The sound of Sam Diehl's ankle cracking was unmistakable.
He had elevated for a header in a pivotal Northwest Conference game against rival Bellingham on April 11, landing awkwardly on his left leg and fracturing the ankle.
It was the second time in less than two years the then-junior defenseman and captain of the Mariners' soccer team suffered a break in that very ankle. After returning from the first one, he sat on the turf at Civic Stadium wondering if he would be afforded that same luxury for a second time.
"I thought from there on out my soccer career was over," Diehl said in a phone interview. "I had been through it the year before, and I knew what I was going to go through. It's a day-by-day process.
"Every day for me, it was a stepping-stone process. It was destiny. ... I like to take on challenges. 'Let's do it again.'"
Having weathered the initial break before the onset of his sophomore season, Diehl was familiar with the road that lay ahead. And as Sehome's soccer season is set to begin Monday, March 17, at Lynden, it will do so with its senior captain operating the center back position after overcoming said road.
Sehome coach John Sylvester remembers the pain of seeing Diehl re-injure himself after fighting so hard to return. Yes, he was a pivotal piece to helping Sehome accomplish all that it set out to do, but in that moment, Sylvester said, soccer was far from his concerns.
"I just thought how unfair it was for someone who cares that much (to be) put in a position like that," Sylvester said in a phone interview. "It was terrible. ... (You) got to admire somebody that cares that much about the team that has that kind of hard luck."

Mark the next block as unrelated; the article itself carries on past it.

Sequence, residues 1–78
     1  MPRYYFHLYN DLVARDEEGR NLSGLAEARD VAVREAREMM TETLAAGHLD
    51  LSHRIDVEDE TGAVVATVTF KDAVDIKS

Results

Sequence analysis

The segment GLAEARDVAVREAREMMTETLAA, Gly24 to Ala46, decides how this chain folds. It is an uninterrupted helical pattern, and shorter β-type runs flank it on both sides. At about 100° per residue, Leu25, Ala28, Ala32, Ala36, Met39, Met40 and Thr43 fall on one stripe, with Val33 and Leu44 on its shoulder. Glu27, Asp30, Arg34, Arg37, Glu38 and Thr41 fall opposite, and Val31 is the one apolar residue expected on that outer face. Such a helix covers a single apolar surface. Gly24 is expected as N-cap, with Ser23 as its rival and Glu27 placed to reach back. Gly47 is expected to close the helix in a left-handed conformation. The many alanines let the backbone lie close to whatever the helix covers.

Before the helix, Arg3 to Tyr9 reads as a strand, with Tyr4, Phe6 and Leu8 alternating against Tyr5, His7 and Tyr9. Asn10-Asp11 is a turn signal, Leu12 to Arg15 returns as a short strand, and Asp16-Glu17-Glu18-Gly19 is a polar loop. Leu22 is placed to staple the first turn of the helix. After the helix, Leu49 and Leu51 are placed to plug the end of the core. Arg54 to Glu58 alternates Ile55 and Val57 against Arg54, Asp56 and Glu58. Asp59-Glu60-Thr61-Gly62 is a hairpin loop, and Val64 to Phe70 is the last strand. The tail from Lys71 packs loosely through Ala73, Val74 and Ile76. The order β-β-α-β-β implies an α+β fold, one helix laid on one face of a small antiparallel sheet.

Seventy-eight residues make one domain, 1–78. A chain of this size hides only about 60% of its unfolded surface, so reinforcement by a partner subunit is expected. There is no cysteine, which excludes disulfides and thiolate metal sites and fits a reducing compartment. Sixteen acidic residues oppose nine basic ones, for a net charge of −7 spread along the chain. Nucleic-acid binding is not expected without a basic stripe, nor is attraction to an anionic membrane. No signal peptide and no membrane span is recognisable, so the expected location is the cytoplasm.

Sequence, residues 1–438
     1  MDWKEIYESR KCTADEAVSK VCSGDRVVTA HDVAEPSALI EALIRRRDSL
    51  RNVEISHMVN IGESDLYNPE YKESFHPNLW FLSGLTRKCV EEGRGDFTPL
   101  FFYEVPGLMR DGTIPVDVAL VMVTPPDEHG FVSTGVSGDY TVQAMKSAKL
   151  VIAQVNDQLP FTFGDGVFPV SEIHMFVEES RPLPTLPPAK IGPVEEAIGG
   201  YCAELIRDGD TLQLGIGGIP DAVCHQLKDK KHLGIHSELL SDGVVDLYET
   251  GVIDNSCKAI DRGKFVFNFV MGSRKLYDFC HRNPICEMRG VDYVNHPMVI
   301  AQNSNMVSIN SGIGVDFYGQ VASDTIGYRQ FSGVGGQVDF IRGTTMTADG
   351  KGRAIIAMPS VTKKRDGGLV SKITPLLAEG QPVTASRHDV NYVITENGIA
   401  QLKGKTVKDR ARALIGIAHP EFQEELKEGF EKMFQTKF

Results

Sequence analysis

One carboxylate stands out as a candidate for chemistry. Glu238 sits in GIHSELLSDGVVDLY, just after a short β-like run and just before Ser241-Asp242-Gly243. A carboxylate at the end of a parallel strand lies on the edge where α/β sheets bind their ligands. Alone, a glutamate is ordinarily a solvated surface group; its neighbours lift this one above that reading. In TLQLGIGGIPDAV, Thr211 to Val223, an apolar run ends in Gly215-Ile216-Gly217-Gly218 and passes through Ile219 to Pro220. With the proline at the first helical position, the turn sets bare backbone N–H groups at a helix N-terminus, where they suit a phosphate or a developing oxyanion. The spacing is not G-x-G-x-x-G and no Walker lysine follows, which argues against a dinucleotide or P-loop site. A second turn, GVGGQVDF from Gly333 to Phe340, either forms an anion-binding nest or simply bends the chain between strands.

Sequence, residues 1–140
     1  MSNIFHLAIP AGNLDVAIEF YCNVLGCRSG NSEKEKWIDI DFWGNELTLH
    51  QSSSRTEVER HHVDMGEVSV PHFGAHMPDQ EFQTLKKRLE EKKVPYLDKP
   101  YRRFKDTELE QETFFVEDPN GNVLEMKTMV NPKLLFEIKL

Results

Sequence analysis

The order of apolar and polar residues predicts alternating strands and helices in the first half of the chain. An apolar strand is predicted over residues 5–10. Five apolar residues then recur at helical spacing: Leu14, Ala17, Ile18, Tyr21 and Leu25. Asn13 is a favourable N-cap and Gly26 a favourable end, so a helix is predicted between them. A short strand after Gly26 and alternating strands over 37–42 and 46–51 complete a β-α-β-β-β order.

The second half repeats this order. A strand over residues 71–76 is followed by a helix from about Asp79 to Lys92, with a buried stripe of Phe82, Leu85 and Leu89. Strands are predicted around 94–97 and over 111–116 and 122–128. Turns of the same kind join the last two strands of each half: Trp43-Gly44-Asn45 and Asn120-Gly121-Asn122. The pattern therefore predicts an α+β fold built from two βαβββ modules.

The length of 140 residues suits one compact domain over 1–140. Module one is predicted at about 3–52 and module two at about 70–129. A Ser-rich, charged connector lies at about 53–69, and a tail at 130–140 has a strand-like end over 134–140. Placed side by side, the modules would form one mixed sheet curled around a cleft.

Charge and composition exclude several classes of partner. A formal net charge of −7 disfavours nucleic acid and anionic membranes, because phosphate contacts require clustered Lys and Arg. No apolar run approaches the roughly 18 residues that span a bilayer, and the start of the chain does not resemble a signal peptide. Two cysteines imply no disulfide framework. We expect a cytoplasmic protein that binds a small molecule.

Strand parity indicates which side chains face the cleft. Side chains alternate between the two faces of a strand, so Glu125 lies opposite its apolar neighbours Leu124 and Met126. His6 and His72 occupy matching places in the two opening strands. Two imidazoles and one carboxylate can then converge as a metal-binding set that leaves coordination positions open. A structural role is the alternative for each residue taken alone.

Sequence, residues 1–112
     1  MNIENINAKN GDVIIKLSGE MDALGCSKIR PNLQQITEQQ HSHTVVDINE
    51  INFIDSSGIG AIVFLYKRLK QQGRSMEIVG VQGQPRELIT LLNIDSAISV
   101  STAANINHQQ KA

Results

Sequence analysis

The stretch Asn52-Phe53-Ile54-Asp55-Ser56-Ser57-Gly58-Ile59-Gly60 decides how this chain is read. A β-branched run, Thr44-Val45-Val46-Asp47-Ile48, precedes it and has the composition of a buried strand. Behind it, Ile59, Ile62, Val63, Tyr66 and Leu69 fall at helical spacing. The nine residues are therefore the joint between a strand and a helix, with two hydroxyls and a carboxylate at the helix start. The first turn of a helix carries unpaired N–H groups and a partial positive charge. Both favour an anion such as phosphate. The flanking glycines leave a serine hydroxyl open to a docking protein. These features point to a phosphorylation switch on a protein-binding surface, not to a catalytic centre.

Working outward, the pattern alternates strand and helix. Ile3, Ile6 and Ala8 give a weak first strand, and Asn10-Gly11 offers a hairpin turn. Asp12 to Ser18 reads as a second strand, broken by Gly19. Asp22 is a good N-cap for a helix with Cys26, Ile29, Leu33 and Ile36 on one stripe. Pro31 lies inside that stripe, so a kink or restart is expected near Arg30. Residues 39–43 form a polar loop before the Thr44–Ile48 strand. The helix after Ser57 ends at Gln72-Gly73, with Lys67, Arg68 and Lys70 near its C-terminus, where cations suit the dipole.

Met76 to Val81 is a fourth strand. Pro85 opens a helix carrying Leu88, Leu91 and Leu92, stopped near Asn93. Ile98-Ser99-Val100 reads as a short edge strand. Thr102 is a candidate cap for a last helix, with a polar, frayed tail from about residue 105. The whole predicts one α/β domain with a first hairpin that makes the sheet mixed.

For the final three weeks of the season, Diehl watched from the sidelines as the Mariners finished sixth among the 2A schools in the NWC - the top four advanced to districts.
There wasn't a game he missed despite the struggle of watching. And instead of reveling in self-pity after being struck with a second devastating ankle injury that jeopardized his future playing soccer, he embraced his role as captain, albeit in a different sense than before.
On the field, he's the voice that leads the defense, Sylvester said. It's his ship to command. For those final three weeks, Diehl said he took that opportunity to act as a coach of sorts, analyzing the game from a different vantage point and relaying what he saw to his teammates.
"I would pace up and down on the sidelines on crutches," Diehl said. "I was able to fix our tactical problems where we were getting burned a lot to allow help for my teammates. We were pretty young."
To step back on the field for his senior season allows Diehl the chance to rewrite his injury-plagued high school career. It also presents an opportunity at redemption for the Sehome boys' soccer program, Diehl said, given the forgettable nature of last year.
"Thank god last year wasn't my senior year," Diehl said. "That would've killed me."
Mentally, Diehl said he's overcome the fear of re-breaking the ankle. It's come with time, he said, but to play with apprehension or hesitation would be to take away what makes him so valuable on defense for the Mariners.
"I bring an aggression. We have a chip on our shoulder. Sehome soccer has gone downhill the last two years," Diehl said. "I know we can all bond together as a unit, and just because our team is young doesn't mean we can't go far."
And if he does in fact re-break that ankle, so be it, Diehl said.
"If I get injured again, obviously I was destined to get injured again," Diehl said.
Sylvester and the rest of the Mariners' roster are hoping that's not the case.
Reach Alex Bigelow at firstname.lastname@example.org or call 360-715-2238. Follow @bhamsports on Twitter for other Whatcom County sports updates.